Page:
We’re hearing lots of hubbub over the “fiscal cliff” lately, regarding its impact on the economy and social programs. But dividend stock investors have been particularly concerned with how one element of the Bush-era tax cuts will affect the individual stocks in their portfolio should the cuts expire.
That item would be a jump in the tax on qualified dividend payments from 15% to 39.6% for the top marginal income bracket.
An increase of more than twofold is nothing to sneeze at, and many are fearing that the result would be a mass exodus from dividend payers as a result. As the thinking goes, why not simply seek out higher growth in other investments if your dividends are going to get eaten up by the IRS?
Philip van Doorn, a senior analyst at The Street, wrote a great in-depth column about this taxation change and what it may mean for your individual tax burden and your dividend stocks. He talks about the benefit of higher-rated bonds as income-generating assets or preferred stock as an alternative.
And back in April, I had a good Q&A with Keith Voight of the Edison Electric Institute, a consortium of utility stocks and other related businesses, about the Defend My Dividend movement to stop a tax hike on dividends. In that column on dividends, Voight focused on the fact that dividend stocks like utility companies pay out money primarily to older Americans and small-time income investors — not CEOs or well-heeled traders making a mint off of their distributions. And that a tax would unfairly punish many retirees.
So does all this add up to a disaster on the dividends stock front?
Well, dividend payers have been a bit too fashionable lately in my mind. Sleepy stocks like telecom AT&T (NYSE:T), up 25% so far in 2012, and Big Pharma mainstay Merck (NYSE:MRK), up 19% YTD, have exploded higher and could be overbought. It’s also worth noting that the ETF crowd is falling over itself to launch kinky new income and dividend funds to tap into demand — including the ill-advised ETRACS Monthly Pay 2x Leveraged S&P Dividend ETN (NYSE:SDYL).
But on a share appreciation basis, there may be a little bit of hope … at least according to experts at Fidelity. They claim that a sunset for the dividend tax breaks wouldn’t do much to counteract a secular shift into dividend payers. Here are the highlights and two charts.
Click to EnlargeFirst off, tax cuts didn’t affect top dividend performers much to the top side after the legislation was passed in 2003 — so it’s not like big gains are priced in that will evaporate.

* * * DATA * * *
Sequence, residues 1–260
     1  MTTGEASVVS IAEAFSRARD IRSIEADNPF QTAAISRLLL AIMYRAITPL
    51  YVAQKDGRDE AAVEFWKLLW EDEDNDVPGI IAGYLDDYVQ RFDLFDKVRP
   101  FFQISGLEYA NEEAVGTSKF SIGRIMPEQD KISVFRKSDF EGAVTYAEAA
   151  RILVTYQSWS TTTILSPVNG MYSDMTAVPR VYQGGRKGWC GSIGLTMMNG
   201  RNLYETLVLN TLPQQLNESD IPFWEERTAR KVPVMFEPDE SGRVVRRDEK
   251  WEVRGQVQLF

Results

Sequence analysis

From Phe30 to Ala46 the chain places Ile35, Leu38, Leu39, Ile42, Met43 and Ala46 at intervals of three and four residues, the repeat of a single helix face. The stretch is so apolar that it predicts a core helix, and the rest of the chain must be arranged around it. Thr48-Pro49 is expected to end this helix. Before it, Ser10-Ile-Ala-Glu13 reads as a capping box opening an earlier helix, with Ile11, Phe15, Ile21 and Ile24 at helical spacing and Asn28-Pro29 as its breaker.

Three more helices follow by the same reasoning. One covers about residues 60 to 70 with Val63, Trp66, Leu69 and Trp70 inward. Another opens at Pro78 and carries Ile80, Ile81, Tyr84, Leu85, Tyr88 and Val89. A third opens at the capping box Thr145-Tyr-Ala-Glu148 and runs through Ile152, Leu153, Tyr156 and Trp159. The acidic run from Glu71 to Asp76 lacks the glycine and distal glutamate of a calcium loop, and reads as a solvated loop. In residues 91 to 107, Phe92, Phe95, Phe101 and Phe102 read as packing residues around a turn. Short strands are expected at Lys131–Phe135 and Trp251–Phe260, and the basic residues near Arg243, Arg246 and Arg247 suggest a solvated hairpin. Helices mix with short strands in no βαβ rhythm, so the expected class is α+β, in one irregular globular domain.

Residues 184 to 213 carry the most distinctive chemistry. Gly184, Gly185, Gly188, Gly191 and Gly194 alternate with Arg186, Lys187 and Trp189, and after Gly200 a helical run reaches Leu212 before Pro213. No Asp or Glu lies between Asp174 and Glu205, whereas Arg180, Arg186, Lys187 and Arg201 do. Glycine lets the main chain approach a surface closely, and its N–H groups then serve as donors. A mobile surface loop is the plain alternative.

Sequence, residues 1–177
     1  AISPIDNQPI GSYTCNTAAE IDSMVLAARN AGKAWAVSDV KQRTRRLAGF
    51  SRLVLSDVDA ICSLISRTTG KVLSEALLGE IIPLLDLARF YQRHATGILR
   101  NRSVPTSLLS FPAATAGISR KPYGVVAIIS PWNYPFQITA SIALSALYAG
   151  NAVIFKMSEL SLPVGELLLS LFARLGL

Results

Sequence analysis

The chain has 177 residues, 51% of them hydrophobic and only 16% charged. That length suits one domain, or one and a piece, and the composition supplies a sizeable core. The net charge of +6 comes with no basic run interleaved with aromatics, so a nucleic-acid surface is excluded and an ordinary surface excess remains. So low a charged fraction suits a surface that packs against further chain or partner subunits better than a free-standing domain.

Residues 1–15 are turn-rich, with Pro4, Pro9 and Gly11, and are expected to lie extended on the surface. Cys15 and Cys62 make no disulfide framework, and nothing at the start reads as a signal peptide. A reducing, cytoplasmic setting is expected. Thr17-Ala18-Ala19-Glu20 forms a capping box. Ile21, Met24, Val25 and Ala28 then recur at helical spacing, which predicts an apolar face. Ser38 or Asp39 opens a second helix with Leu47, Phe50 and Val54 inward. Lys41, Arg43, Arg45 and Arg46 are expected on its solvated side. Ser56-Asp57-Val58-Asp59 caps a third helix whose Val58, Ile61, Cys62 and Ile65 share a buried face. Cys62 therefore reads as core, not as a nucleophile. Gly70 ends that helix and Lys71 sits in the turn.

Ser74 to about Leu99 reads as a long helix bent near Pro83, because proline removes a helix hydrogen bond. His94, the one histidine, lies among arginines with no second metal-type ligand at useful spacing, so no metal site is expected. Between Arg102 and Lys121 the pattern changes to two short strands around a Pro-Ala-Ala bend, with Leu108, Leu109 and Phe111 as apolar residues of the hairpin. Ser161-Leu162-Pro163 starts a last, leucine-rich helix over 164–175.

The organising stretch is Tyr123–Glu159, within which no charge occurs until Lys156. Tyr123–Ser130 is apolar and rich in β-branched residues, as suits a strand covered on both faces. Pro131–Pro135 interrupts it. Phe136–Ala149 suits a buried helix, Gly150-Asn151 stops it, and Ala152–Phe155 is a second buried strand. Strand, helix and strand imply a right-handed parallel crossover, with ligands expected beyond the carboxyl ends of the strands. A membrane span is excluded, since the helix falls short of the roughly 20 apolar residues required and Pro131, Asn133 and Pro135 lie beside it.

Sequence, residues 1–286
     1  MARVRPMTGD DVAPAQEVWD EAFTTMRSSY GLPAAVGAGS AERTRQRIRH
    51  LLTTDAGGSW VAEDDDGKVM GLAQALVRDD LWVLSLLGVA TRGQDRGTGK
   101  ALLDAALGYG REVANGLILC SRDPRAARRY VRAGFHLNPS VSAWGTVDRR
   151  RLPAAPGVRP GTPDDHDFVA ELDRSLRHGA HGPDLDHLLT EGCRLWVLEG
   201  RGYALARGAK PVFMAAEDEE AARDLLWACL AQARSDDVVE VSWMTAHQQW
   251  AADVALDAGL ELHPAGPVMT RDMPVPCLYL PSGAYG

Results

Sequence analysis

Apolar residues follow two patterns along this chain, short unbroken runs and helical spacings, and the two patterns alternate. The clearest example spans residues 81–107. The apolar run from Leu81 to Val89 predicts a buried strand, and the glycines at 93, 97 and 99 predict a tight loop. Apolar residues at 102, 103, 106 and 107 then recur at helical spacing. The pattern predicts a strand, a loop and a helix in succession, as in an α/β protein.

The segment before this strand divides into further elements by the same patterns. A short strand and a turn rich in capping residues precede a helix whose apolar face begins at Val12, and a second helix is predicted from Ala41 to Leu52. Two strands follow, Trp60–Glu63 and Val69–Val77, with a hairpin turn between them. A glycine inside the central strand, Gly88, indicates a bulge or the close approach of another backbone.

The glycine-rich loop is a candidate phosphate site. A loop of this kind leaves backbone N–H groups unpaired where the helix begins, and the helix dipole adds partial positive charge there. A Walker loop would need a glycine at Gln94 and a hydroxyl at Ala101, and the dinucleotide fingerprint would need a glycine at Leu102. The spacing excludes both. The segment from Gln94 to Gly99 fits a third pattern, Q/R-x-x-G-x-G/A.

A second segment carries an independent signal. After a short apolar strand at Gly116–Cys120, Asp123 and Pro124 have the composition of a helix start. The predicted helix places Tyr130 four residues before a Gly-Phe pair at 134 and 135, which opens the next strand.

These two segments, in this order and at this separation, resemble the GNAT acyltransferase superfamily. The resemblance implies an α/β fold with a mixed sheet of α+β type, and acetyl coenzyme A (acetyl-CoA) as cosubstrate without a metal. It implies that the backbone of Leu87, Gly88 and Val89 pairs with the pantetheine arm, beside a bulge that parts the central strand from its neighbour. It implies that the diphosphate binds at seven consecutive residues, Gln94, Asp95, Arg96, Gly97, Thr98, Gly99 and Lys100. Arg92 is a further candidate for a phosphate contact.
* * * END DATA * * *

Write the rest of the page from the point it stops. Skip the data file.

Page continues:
Furthermore, dividend investors have been much more common since the financial crisis as investors simply aren’t interested in risky assets. Look at this chart for proof, measuring income vs. domestic equity funds. Clearly, the money has been moving into dividend payers on this front.
Click to EnlargeAnd here’s the payoff from Fidelity:
Regardless of changes in tax rates, dividend stocks are likely to play an important — possibly an increasingly important — role in investors’ portfolios. These tend to be large, mature businesses that generate a lot of cash flow. These positive attributes need to be in place before a company even pays a dividend, so the stocks of dividend payers tend to be less risky than other stocks.
Meanwhile, the baby boom generation is entering its retirement years. Some 77 million investors are looking to generate income from their portfolios — and they are facing historically low interest rates on bonds. While Fidelity believes retirees should consider adopting a total return-based investment strategy with a careful withdrawal plan, the increased appetite for income-producing assets could support share prices of dividend-paying stocks.
Dividend stocks are very appealing to this group. Shares of strong, dividend-paying companies are likely to continue benefiting from this demographic tailwind. Higher taxes are never good — but in my view, the possibility that rates will increase doesn’t alter the fundamental case for dividend-paying stocks.
In short, don’t expect a collapse in dividend stocks due to the fiscal cliff. If anything, a shake-up of that magnitude could drive more older and risk-averse investors into capital preservation mode and prop up this low-risk asset class.
Jeff Reeves is the editor of InvestorPlace.com and the author of “The Frugal Investor’s Guide to Finding Great Stocks.” Write him at firstname.lastname@example.org or follow him on Twitter via@JeffReevesIP. As of this writing, he did not own a position in any of the stocks named here.